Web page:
Because of the large number of assertions you'll need to make during your init phase, it's good to use a helper function (must_init in my case) to DRY up the code, making it more readable and easier to change.

As for your shutdown phase, al_uninstall_system is normally called implicitly when your program exits. This takes care of shutting down all of Allegro's subsystems, but there may be some things that you want to explicitly destroy (like filehandles) before the OS tosses away your heap.

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Edgar Reynaldo
Member #8,592
May 2007
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bamccaig
Member #7,536
July 2006
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Generally, ALL of allegro setup will either work or fail, because of the way you compiled the library. If it doesn't get past al_init, you have a version mismatch.

If you built Allegro without audio support then everything will succeed until you try al_init_audio_addon(). Since Allegro's build system fails gracefully for things missing like that by default most users will not even realize they didn't build audio support and will not understand why the game is crashing. If your program just exits or gives a useless Windows-style "something failed" message then they have no idea what failed. Now they have to pull out a debugger because you were too lazy to tell them what failed, and they might be too inexperienced to even know how to do that. They might not even be programmers. They might just be gamers.

Of course, you can always build upon what you suggested:

typedef bool (*BOOLFUNC)();
typedef struct { BOOLFUNC func; char msg[255]; } INSTALLER;
#define INSTALLER_ELEMENT(func) { func, #func }
INSTALLER installers[] = {
    INSTALLER_ELEMENT(al_init),
    INSTALLER_ELEMENT(al_init_image_addon),
    INSTALLER_ELEMENT(al_init_primitives_addon),
    INSTALLER_ELEMENT(al_init_font_addon),
    INSTALLER_ELEMENT(al_init_ttf_addon),
    INSTALLER_ELEMENT(al_init_acodec_addon),
    INSTALLER_ELEMENT(al_install_audio),
    INSTALLER_ELEMENT(al_install_keyboard),
    INSTALLER_ELEMENT(al_install_mouse)
};

That said, I'm not sure if all of those things are even expected to work in the order you've defined.. :-/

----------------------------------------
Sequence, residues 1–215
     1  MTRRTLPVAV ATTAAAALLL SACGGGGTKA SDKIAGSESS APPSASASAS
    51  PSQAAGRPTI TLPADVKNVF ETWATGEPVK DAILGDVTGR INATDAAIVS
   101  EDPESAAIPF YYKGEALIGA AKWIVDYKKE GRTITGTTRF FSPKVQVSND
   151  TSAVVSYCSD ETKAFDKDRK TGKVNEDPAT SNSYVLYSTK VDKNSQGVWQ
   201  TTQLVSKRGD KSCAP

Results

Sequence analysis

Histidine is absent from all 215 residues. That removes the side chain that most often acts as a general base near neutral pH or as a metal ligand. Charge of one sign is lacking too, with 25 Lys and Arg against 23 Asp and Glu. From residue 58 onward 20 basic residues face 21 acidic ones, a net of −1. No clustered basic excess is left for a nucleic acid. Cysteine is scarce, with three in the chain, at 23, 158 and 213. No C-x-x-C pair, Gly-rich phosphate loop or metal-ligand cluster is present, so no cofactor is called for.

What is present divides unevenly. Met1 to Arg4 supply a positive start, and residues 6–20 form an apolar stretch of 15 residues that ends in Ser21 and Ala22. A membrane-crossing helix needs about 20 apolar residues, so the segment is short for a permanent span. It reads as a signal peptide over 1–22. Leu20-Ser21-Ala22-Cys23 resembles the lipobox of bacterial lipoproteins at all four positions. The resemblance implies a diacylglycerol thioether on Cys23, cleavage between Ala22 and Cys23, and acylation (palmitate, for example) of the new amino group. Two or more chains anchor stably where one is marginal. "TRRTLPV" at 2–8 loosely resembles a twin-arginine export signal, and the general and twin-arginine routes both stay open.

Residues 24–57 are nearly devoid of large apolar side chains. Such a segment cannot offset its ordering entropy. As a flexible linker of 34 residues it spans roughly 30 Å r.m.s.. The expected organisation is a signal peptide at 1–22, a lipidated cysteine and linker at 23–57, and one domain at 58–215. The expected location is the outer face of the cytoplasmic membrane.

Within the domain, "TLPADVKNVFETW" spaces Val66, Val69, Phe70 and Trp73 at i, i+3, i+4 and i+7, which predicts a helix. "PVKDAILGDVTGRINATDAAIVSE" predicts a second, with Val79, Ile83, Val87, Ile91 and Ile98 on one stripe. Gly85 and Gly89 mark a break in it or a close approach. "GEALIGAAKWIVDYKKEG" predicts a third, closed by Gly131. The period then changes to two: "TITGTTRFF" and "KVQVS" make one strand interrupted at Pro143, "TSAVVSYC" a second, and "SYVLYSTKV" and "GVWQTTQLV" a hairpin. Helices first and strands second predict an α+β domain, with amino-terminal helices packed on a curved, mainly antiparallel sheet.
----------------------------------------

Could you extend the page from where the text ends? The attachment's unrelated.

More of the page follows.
dthompson said:

Because of the large number of assertions you'll need to make during your init phase, it's good to use a helper function (must_init in my case) to DRY up the code, making it more readable and easier to change.

This is good advice. I support this design, but didn't want to suggest it to the OP because it's a bit overkill for such a simple one-time routine that's only ever going to get so complex. Especially for a beginner. What the OP has done is perfectly acceptable.

Edgar Reynaldo
Member #8,592
May 2007
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bamccaig
Member #7,536
July 2006
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Edgar Reynaldo
Member #8,592
May 2007
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Not really. Not when I gave a clear example of how to see exactly which function call failed, without making the code a verbose mess.

dthompson
Member #5,749
April 2005
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That sums everything I feel about this perfectly. ;)

We aim to please. ;)

bamccaig said:

What the OP has done is perfectly acceptable.

Yep, I'll agree with that :P further to this, I'm glad that they're not prematurely optimising. Copy+paste is all well and good until a) you're nearing production or b) the code starts dancing about in front of your eyes.

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bamccaig
Member #7,536
July 2006
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Not when I gave a clear example of how to see exactly which function call failed, without making the code a verbose mess.

I must have missed it. Please explain.

Edgar Reynaldo
Member #8,592
May 2007
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NiteHackr
Member #2,229
April 2002